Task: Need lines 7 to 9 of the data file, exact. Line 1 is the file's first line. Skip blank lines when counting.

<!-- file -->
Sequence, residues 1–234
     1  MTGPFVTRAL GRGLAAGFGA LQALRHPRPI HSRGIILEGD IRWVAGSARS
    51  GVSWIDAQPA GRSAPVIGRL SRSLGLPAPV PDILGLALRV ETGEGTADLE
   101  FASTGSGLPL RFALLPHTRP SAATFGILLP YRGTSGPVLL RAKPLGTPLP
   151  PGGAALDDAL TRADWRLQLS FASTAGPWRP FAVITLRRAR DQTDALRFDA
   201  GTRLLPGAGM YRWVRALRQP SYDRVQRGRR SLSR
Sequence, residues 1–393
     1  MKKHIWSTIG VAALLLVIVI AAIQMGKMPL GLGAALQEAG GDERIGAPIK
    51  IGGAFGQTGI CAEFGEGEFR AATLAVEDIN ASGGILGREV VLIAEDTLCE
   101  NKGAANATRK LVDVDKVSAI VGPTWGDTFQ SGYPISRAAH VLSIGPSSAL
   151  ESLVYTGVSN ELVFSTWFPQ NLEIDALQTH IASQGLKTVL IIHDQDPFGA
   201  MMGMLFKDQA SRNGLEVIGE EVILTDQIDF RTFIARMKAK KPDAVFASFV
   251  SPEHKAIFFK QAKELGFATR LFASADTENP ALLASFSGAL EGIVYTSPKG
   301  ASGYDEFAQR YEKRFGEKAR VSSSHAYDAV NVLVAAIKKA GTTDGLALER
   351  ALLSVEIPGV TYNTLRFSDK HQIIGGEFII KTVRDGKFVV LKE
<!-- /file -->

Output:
Sequence, residues 1–393
     1  MKKHIWSTIG VAALLLVIVI AAIQMGKMPL GLGAALQEAG GDERIGAPIK
    51  IGGAFGQTGI CAEFGEGEFR AATLAVEDIN ASGGILGREV VLIAEDTLCE